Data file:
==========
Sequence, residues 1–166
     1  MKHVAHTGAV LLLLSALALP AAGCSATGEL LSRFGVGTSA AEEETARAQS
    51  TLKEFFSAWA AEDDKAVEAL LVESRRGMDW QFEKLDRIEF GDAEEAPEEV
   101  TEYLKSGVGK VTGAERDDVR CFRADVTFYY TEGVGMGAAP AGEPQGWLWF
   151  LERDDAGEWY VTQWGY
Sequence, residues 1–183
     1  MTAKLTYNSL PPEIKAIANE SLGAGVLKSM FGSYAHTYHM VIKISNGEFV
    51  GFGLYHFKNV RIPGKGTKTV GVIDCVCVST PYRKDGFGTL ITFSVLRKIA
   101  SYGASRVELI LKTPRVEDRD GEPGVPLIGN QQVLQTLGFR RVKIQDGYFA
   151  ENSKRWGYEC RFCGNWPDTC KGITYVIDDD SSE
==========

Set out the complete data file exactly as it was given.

Sequence, residues 1–166
     1  MKHVAHTGAV LLLLSALALP AAGCSATGEL LSRFGVGTSA AEEETARAQS
    51  TLKEFFSAWA AEDDKAVEAL LVESRRGMDW QFEKLDRIEF GDAEEAPEEV
   101  TEYLKSGVGK VTGAERDDVR CFRADVTFYY TEGVGMGAAP AGEPQGWLWF
   151  LERDDAGEWY VTQWGY
Sequence, residues 1–183
     1  MTAKLTYNSL PPEIKAIANE SLGAGVLKSM FGSYAHTYHM VIKISNGEFV
    51  GFGLYHFKNV RIPGKGTKTV GVIDCVCVST PYRKDGFGTL ITFSVLRKIA
   101  SYGASRVELI LKTPRVEDRD GEPGVPLIGN QQVLQTLGFR RVKIQDGYFA
   151  ENSKRWGYEC RFCGNWPDTC KGITYVIDDD SSE